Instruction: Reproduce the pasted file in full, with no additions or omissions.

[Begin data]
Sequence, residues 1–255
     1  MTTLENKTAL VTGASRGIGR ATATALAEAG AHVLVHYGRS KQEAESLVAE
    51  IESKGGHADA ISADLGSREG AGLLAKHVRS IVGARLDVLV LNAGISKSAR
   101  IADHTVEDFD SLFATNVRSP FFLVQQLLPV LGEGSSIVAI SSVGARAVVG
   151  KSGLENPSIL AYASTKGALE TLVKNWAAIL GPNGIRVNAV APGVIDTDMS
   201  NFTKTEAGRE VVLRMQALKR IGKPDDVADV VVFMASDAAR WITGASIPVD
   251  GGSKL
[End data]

Sequence, residues 1–255
     1  MTTLENKTAL VTGASRGIGR ATATALAEAG AHVLVHYGRS KQEAESLVAE
    51  IESKGGHADA ISADLGSREG AGLLAKHVRS IVGARLDVLV LNAGISKSAR
   101  IADHTVEDFD SLFATNVRSP FFLVQQLLPV LGEGSSIVAI SSVGARAVVG
   151  KSGLENPSIL AYASTKGALE TLVKNWAAIL GPNGIRVNAV APGVIDTDMS
   201  NFTKTEAGRE VVLRMQALKR IGKPDDVADV VVFMASDAAR WITGASIPVD
   251  GGSKL